• Product Bites: Tomato Crop Booster

    What is the Tomato Crop Booster:

    Haxnicks_Tomato_crop_booster_frame_with_cover_on_patioThe Tomato Crop Booster is a frame specifically designed for supporting tomato plants.  Properly supported plants put more of their energy into growing fruit and as a result give bigger yields.


    Tomatoes thrive in a warm atmosphere so a poly cover can be bought separately to turn your Tomato Crop Booster into a mini greenhouse. The cover unzips to allow easy access to the plants and has vents at the side to provide ventilation on  warmer days or you can remove it completely.

    What crop is it for:

    Tomatoes of any description but most useful for the Indeterminate or Cordon varieties that can get very heavy and need more support.

    Tomatoes are great to grow now because they are such productive plants that can really help to feed the family. Especially if you only have a small amount of space like a balcony or patio.

    Growing anything is also a great lockdown boredom buster and a fun thing to do with children uder the guise of homeschooling!

    Indeterminate or Cordon varieties

    This is your typical, tall tomato plant.  They have a single long stem and usually grow up canes or twine up to 6' (1.8m) in height.  Cordon varieties produce side shoots which need to be removed, as they appear.  If they aren't removed they will grow into large lateral branches leaving a tangled plant with a lower yield of ripe fruit.

    Where can I use it:

    You can use the Crop Booster either in your garden or allotment or on a patio or balcony.

    What's so special about it?

    Tomato_Crop_Booster_clips_and_bars_close_upThe key to this frame is the way it supports the branches with easily moveable bars.  The bars are attached with easy to move clips.  So, as the plant grows you can simply unclip and reclip to move the supporting bars without having to fiddle round with bits of string.  The branches also rest gently on the bars.  So there is no chance of them getting restricted by ties and getting damaged as a result.  This is helpful in avoiding disease too.  Scrapes and cuts caused by constricting ties can leave wounds where disease can get into the plant.

    Find out more: 

    See it in action: To see it in action head over to our YouTube channel here Tomato Crop Booster Video

    Related Blogs:  Read about it in use Grow at Home tomatoes

    Buy it Now:  

    Tomato Crop Booster Frame

    Tomato Crop Booster Cover

  • Pumpkin Beth Tomato trial - great news for those growing in Vigoroot

    Vigoroot Pots: Tomato Trial  


    Horticulturist and garden writer Pumpkin Beth recently completed a Tomato Trial.  It found that the Vigoroot Potato/ Tomato Planter out-performs ordinary plastic pots when growing 12 out of the 15 tomato varieties tested.

    The average yield was 30% higher in Vigoroot than in normal plastic pots.



    Trial Method

    All pots used the same Dalefoot compost.  All plants received the same amount of water throughout the trial. Due to its porous nature Vigoroot pots actually require more water than plastic pots. However, since it was necessary to maintain standard conditions across the trial this was not possible. As a result, the plants in the Haxnicks pots were slightly underwatered.  This was noticeable during the trial and subsequently the yield was lower than it could have been. In order to test the true capability of Vigoroot the pack instructions would need to be followed fully so the plants were given sufficient water.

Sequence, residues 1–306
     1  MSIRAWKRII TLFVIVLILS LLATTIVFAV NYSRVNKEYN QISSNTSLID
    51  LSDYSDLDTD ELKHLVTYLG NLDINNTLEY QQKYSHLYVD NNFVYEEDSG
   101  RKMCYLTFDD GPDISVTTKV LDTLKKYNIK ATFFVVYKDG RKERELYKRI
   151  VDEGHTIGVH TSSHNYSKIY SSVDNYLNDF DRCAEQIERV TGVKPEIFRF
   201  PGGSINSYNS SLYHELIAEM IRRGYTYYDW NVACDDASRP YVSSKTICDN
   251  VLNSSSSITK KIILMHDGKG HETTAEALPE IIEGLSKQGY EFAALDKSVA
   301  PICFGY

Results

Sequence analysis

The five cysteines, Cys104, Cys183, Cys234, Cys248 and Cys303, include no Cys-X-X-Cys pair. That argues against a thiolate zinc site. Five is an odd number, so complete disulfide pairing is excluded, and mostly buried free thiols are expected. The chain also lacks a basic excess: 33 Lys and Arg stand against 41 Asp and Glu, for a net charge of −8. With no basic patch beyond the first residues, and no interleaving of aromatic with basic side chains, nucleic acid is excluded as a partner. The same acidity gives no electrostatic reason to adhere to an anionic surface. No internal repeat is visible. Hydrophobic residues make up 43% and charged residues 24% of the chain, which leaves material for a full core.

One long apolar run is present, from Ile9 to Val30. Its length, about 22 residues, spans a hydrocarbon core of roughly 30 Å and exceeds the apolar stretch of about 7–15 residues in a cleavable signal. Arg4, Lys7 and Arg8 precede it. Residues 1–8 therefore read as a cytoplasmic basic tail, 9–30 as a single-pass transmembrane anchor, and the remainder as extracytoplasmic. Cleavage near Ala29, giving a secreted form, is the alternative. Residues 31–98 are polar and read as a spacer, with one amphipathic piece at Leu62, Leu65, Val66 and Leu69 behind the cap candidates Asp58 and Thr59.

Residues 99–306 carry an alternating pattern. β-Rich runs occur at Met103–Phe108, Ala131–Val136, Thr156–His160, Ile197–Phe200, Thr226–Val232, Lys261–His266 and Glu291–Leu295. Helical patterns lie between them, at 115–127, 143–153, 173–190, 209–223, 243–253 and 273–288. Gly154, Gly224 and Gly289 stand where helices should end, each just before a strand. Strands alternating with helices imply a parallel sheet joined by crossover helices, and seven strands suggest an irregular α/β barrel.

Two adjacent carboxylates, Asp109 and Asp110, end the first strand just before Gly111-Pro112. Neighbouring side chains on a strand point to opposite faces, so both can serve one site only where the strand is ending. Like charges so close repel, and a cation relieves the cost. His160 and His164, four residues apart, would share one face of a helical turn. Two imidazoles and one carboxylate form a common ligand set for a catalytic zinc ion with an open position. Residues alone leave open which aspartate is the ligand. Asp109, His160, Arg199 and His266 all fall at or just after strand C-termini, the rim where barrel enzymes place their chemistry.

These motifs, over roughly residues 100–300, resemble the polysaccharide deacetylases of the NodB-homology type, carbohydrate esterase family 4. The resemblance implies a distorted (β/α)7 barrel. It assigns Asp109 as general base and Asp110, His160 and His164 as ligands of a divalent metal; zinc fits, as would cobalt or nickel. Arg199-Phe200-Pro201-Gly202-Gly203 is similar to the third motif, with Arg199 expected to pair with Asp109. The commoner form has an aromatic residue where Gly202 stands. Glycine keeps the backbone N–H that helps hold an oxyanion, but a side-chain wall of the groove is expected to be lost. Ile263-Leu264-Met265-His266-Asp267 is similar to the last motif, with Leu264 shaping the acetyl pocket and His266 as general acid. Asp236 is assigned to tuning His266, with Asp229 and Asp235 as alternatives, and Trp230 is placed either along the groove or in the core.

Growing Problems

    Blossom End Rot or Splitting damaged some of the fruit.  The yield figures did not include this fruit.  However, the plants in the Vigoroot Pots suffered far less than those the plastic pots.



    Many people are short of growing space either because they don’t have a garden or because they allocate the space they have to other uses. For these people, growing in containers is a simple and effective solution.

    The 30% higher yield from Vigoroot Tomato / Potato planters is a remarkable result.  Especially as the design of the trial did not allow them to be used to their full potential.

    As well as the simplicity and ease of use of Vigoroot pots and planters, it is evident that they also produce excellent results.


    Published with kind permission of Pumpkin Beth.  Website For the complete trial information please see the full report here:

  • Grow at Home: Companion Planting


    Companion Planting

    Companion planting is where two or more crops are grown together for the benefit of one, or all. The most successful combinations mirror nature.  They can be an important part of planning a successful and productive garden.


    Deterrent Smell

    Plants have natural affinities with others of their kind.  The smell of volatile oils from many plants can above all discourage pests, making them excellent companion plants. Perhaps the most well known is the relationship between the tomato plant and the strong smelling French Marigold.  This is said to deter whitefly, for instance.

    While there is little scientific proof of these associations working, if you talk to any experienced gardener they will certainly provide plenty of anecdotal evidence.  Tomatoes like to be grown with Basil and Parsley.  Useful for cooks as well as gardeners.  And separating rows of brassicas with onions has always been popular.  This is possibly due to the strong scent of onions confusing the cabbage pests.

    Companion_planting_marigold_carrotsAttracting Pollinators

    English Marigold (Calendula) can provide welcome splashes of colour in the kitchen garden.  The added benefit is that they attract pollinators.  Along with Yarrow (Achillea) and Hyssop they also attract hover flies.  The hover flies will lay their eggs around these plants and when they hatch the larvae feast on aphids.